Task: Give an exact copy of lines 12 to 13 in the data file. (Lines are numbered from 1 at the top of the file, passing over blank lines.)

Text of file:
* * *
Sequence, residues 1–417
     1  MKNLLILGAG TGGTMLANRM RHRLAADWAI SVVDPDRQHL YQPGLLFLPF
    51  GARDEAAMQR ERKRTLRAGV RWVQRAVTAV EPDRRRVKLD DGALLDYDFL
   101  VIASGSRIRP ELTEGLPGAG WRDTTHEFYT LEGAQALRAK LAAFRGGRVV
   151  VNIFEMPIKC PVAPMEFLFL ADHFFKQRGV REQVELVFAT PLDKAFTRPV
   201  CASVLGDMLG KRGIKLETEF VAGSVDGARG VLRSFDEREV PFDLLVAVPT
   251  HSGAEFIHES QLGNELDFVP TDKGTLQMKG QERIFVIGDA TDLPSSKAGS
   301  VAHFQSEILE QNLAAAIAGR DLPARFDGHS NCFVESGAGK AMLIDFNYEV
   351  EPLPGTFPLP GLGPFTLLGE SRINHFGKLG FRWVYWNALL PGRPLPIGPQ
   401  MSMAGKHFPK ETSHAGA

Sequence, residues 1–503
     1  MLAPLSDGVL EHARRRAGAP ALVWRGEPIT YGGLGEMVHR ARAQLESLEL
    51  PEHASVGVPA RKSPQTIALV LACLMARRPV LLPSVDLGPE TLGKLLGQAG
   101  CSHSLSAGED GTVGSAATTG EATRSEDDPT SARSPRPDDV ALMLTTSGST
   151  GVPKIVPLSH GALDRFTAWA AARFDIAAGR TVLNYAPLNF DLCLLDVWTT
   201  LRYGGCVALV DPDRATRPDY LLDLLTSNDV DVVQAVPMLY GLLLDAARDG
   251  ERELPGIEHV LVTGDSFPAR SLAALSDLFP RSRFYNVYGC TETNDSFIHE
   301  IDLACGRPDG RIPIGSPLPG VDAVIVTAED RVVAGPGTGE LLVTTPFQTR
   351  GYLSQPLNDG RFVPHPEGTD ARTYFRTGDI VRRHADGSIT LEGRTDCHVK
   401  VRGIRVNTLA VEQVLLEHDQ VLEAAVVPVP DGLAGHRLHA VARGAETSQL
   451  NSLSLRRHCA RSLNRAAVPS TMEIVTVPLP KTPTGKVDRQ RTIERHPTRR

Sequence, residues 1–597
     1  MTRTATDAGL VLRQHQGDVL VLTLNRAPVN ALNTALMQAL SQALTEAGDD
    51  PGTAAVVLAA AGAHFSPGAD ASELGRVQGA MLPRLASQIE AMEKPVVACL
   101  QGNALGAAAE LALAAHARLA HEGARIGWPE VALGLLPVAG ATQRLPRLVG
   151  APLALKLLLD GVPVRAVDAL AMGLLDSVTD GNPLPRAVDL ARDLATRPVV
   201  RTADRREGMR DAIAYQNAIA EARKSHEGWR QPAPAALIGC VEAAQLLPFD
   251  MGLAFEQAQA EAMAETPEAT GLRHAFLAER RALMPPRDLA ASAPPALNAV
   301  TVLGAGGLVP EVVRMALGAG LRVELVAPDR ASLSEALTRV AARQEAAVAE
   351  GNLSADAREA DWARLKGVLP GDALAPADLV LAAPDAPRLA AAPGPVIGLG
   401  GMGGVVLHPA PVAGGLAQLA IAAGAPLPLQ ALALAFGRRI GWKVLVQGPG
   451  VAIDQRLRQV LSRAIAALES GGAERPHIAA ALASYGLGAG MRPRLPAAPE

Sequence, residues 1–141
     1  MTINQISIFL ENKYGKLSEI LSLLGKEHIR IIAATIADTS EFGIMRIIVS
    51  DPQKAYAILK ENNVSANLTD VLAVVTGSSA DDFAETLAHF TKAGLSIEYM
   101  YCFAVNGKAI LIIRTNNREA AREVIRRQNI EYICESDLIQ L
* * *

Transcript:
     1  MLAPLSDGVL EHARRRAGAP ALVWRGEPIT YGGLGEMVHR ARAQLESLEL
    51  PEHASVGVPA RKSPQTIALV LACLMARRPV LLPSVDLGPE TLGKLLGQAG